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  • Jeff Bacidore

VWAP Profiles: A Machine Learning Application

The primary input to the VWAP algorithm is the volume profile. In fact, other algorithms, like arrival price algorithms and open/close algorithms, often utilize them as well. Volume profiles give an algorithm information on historical volume patterns. Algorithms generally use this information by trading more when volumes are typically high (e.g., near the close) and less when they are typically light (e.g., mid-day). As you can imagine, the key input to these profiles are past volume data. But the methods used to construct these profiles vary across algo provider. In this article, we discuss the most common ways these profiles are developed and provide a simple example of how machine learning can be used to not only generate better volume profiles, but to do so more efficiently.


Most algorithm providers use one of two general approaches to volume profile estimation. The first involves estimating volume profiles on a symbol-level, where only past data for that symbol is used to estimate the volume profile. Given the noise in volume data, profiles are created by typically averaging over a relatively long period (e.g., several months). The benefit of this approach is that it can pick up symbol-specific nuances. The downside, though, is that even over a long period, the number of observations is relatively small. A year’s worth of data, for example, provides only 252 data points per stock. And going over longer periods risks using “stale” data, data that may not represent current volume patterns. And the problem is even more severe for less actively traded stocks, where the volume profiles can be particularly problematic to estimate on a symbol-by-symbol level.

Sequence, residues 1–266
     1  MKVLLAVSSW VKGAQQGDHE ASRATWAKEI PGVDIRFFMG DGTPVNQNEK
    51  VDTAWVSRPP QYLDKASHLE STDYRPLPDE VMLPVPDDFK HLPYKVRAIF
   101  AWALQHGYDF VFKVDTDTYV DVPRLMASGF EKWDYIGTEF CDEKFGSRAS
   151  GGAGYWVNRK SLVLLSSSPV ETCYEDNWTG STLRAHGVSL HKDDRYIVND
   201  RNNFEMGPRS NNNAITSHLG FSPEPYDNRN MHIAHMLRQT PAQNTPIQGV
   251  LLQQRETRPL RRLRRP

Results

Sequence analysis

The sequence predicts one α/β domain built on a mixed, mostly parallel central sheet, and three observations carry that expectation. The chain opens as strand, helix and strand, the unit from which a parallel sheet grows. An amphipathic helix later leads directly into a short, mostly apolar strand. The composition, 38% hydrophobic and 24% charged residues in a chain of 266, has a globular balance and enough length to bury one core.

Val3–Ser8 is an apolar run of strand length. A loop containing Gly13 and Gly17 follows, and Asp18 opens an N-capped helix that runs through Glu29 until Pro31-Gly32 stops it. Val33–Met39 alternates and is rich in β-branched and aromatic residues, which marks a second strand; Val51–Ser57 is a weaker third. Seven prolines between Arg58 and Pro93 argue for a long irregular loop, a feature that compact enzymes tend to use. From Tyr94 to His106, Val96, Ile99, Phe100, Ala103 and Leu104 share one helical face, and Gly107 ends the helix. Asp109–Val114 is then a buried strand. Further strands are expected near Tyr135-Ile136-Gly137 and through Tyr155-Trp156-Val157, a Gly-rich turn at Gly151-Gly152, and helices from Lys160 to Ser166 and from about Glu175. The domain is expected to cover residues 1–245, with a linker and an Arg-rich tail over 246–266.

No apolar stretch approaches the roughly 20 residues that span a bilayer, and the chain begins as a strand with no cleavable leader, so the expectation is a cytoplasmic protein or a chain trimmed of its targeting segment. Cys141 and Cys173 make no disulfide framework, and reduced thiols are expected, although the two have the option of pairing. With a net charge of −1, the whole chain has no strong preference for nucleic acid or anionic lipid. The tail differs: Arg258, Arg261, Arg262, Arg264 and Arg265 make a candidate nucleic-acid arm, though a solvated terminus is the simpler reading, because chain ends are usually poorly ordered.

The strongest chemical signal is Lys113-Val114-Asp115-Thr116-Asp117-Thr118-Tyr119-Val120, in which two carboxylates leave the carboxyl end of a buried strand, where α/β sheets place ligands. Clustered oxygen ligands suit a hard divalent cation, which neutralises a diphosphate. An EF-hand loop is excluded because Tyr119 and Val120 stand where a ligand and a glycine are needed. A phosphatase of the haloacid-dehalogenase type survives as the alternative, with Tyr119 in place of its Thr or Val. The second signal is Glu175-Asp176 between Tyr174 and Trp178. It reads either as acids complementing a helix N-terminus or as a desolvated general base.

The second approach uses group-level rather than symbol-level profiles. For example, the profiles of all low-volume Nasdaq stocks could be averaged together to create a common volume profile that is applied to all low-volume Nasdaq stocks. The benefit of this approach is that it reduces variability in volume profiles by averaging over the profiles of similar symbols. This way, variability can be reduced via incorporating more data, but without having to use potentially outdated data, as is the case in the first approach. This grouping methodology is particularly effective when dealing with less actively traded assets, whose profiles can be quite jagged each day. In fact, few (if any) VWAP algorithms rely on the symbol-level approach alone. Algo providers who use symbol-level profiles typically use them only for the most actively traded symbols and rely on grouped profiles for less actively traded ones. The downside of this method, though, is defining what we mean by “similar” stocks. Should we group by market cap? By industry? By liquidity? By all of the above? And how many groups should we have? This involves considerable research, to ensure that stocks within a group are, in fact, similar. And, even then, within any group, there may be stocks that have distinct symbol-level variation that makes the group-level profile inappropriate.


But there is a third approach that aims to capture the symbol-level variation, while exploiting the efficiency of group-level estimates – and without having to pre-define the groups. Specifically, machine learning tools can be used that can group together stocks with similar profiles and provide a representative profile for that group. And this can be done using the exact same data as the other traditional methods. In fact, since the process defines the groupings using only volume data itself, it doesn’t require other background data, like market cap, stock listing, stock type (ADR, etc.).[1]